For the first time, room-sharing service Airbnb will represent a user in court.
The company took the step after an administrative law judge fined Nigel Warren $2,400 for hosting a traveler from Russia for three nights. Warren, a Manhattan software designer, has become a poster-child for the dangers of person-to-person room rental sites in New York City.
Airbnb acknowledges there are risks to engaging city lawyers in the courts.
“We know that by stepping up and fighting for Nigel and our community, we have made ourselves a target and will now face attacks in the press and from people who do not understand who our community really is,” wrote David Hantman, the company’s head of global public policy, in a blog post. “But the amazing activity that is happening in New York and other cities around the world is worth fighting for.”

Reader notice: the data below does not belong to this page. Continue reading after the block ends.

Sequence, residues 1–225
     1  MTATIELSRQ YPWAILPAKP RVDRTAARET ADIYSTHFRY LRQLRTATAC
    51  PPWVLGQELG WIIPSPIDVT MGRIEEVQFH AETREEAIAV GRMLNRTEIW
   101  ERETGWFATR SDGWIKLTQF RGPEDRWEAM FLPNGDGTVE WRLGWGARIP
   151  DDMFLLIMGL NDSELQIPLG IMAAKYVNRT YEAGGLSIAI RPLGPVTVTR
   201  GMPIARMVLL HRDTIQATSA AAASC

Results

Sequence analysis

The firm representing Airbnb, Gibson Dunn & Crutcher, is litigating one other notable case involving “collaborative consumption,” but on the other side of the issue. The firm represents the livery car industry in its bid to block the taxi-hail app Uber.